Collectables

Completists, you have your work cut out for you.  There is a lot of stuff to collect here, from stages (including several from SSBM) to game demos (presumably to entice you to buy them for the Virtual Console), stage builder pieces, trophies (over 200), assist trophies, songs, and stickers (which can be used in SSE to customise a characters power).  One nice thing about SSBB though, compared to damn near every other game on the market with such things (I’m looking at you, Final Fantasy) is that there is a screen which tells you how to unlock certain things.  Not everything–well, not initially, anyways, it’ll show those to the left and right of what you’ve already unlocked–but you can find pretty much everything in the game relatively easily without shuffling off to Gamefaqs, which is a pet peeve of mine.

Some of the new stages are interesting in that they aren’t static.  The Pictochat stage is a prime example, although several others also change.  Luigi’s Mansion, for example, can be knocked down if you hit the scenery hard enough, and will rebuild itself after the whole house is gone.

Brawls

The heart and soul of the game, and where I think everything falls apart, though obviously others disagree given how popular the series is.  I’ve seen very few games manage a decent multi-player fighter, and all of those were various shades of wrestling.  When you get past two players, often the mechanics of movement get too convoluted.  That’s not really the issue here, but anyone who’s played a two-player platformer of any type should know how aggravating it is to stay on the same screen as your partner.  Obviously, this isn’t a concern in Brawl aside from getting thrown too far, but it brings yet another problem–zoom.  When players spread out enough, the camera zooms out, and it gets harder to figure out what’s going on, or even which character you’re controlling.  Some of the larger maps are especially bad, and I’ve seen a near universal hatred for New Pork City, because it’s a large stage that is pretty much permanently zoomed out.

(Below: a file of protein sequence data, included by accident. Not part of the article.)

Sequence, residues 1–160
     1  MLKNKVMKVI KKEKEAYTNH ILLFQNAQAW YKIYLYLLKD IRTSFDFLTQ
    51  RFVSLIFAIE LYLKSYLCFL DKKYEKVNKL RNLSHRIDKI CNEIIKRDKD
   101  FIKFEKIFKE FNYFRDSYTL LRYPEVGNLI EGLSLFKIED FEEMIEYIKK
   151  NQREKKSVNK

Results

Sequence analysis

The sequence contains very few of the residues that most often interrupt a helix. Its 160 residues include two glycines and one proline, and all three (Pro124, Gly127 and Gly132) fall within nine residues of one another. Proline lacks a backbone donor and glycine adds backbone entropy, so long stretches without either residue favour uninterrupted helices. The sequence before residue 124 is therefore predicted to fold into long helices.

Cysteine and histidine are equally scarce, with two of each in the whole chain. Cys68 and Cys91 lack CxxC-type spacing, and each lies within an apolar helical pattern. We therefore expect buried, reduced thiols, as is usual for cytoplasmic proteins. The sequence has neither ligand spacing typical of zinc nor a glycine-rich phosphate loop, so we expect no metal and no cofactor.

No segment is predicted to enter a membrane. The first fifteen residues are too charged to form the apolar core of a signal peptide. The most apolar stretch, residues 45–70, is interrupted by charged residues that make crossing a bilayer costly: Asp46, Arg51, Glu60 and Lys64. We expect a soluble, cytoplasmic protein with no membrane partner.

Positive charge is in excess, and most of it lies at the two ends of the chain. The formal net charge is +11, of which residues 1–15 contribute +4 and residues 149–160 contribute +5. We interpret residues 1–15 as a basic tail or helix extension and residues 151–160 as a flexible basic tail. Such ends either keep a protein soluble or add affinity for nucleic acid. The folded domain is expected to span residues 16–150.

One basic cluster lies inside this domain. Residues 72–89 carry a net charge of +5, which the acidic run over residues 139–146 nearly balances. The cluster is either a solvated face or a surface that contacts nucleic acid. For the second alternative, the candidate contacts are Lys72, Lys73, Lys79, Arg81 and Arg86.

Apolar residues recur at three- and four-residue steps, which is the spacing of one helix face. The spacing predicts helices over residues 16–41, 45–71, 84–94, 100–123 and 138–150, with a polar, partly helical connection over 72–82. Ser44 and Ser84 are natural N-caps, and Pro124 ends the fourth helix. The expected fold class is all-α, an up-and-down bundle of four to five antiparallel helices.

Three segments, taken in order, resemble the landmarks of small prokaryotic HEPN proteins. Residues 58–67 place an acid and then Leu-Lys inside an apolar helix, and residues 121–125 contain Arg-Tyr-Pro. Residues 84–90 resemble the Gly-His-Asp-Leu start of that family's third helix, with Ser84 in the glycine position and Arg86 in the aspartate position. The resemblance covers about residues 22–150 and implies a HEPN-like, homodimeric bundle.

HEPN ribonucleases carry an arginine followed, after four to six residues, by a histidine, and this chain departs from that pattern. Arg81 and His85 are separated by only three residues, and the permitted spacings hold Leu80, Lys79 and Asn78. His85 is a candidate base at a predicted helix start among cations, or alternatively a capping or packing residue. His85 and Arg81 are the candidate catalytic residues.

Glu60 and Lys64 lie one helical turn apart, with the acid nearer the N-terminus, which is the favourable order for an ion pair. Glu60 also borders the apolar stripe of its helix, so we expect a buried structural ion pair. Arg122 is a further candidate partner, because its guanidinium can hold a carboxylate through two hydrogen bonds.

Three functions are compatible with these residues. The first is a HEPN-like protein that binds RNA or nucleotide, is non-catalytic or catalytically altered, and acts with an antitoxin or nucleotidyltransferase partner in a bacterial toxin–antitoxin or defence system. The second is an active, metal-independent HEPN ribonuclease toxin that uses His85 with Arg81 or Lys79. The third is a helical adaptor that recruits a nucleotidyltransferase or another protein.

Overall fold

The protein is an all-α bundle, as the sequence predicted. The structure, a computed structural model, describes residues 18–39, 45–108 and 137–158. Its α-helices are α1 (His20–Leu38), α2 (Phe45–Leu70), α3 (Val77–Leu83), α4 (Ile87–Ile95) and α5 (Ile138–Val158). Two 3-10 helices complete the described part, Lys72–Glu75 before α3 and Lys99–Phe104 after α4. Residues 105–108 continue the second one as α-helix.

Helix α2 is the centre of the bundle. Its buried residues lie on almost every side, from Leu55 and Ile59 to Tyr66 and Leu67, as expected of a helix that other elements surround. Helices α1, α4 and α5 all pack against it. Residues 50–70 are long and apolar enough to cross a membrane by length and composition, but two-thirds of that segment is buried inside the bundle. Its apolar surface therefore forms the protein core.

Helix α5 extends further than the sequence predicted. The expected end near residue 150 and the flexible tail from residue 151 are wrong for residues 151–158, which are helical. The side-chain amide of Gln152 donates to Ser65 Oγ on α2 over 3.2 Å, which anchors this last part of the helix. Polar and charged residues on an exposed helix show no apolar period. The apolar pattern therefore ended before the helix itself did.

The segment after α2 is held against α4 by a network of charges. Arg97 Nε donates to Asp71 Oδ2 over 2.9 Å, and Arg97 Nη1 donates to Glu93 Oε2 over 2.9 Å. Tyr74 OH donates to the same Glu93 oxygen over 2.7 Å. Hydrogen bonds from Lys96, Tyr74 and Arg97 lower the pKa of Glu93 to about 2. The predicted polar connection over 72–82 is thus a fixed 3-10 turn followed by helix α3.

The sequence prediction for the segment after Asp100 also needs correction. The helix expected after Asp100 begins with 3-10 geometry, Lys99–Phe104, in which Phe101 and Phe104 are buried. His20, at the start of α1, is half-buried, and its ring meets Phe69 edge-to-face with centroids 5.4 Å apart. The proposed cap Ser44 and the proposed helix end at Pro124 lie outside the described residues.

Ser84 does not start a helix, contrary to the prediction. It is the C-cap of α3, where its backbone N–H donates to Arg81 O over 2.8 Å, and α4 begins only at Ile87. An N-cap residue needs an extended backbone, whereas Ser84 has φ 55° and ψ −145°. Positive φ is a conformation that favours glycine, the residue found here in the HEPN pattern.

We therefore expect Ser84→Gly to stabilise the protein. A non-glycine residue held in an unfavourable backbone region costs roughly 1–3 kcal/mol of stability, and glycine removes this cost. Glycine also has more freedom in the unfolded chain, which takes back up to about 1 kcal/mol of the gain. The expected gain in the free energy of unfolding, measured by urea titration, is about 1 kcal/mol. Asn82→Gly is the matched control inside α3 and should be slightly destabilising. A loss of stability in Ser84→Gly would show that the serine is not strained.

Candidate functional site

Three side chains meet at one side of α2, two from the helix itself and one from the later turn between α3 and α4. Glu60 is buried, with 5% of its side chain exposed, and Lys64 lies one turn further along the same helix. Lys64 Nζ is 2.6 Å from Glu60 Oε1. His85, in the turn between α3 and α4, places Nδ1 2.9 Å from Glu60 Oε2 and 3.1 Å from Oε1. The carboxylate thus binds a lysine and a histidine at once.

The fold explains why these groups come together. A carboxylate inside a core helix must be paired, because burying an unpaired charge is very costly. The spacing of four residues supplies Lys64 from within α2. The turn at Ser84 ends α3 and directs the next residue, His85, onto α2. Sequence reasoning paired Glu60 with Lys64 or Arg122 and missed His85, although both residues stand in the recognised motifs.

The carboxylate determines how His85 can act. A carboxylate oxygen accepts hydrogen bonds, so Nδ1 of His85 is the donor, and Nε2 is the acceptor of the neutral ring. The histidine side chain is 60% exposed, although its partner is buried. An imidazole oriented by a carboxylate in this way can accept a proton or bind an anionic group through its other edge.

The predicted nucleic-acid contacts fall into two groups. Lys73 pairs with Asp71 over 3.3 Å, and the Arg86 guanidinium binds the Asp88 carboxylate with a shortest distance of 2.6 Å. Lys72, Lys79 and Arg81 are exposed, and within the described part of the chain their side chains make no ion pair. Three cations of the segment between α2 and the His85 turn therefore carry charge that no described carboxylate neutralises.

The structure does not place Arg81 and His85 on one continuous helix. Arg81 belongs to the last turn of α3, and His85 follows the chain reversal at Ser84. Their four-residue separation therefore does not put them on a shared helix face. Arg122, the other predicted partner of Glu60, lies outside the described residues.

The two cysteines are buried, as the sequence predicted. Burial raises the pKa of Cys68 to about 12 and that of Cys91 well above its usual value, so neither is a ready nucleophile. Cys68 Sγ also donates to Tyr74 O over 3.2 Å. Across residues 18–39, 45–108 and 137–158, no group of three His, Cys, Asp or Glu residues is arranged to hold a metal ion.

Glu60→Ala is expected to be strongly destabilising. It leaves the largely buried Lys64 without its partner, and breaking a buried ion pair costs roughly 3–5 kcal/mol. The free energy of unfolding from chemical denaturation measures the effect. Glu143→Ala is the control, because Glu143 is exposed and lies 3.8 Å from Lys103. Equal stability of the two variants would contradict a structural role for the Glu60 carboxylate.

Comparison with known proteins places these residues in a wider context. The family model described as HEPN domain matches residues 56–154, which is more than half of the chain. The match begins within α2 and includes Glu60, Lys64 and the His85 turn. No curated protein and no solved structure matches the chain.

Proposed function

Overall, it’s a decent 2D platforming game, but I’d thought those went out with the SNES era.  The graphics are quite nice (you can see the fabric texture on Mario’s clothes, for example), and the music is well done as well, although it’s mostly lifted from other games so I can’t give the Nintendo team too much kudos for that. If you liked Melee I certainly suggest you get it.  Otherwise, it’s probably be a good idea to rent it first, because while there are significant changes, it’s still essentially the same game.

This game is a good time waster, andif you’re looking for something mindless to do while avoiding chores, it’s not a bad choice. The multi-plater, however, is lacking. One of the selling points for the game is the ability to play with up to 8 people at a time. The new vs mode works for that in that everyone is on the same field. It’s not that great of a way to spend time with friends though. The rounds are very short, only a couple minutes, and it gets repetitive very quickly. But the worst failing is really what should be it’s best feature–the absurd number of players you can have on at a time. And absurd is really the best way to describe it–by the time you get up to four players, things get chaotic enough that it becomes little more than randomly spitting bubbles everywhere. There’s just no way to even attempt strategic play. I can’t imagine how that would work with 8 players.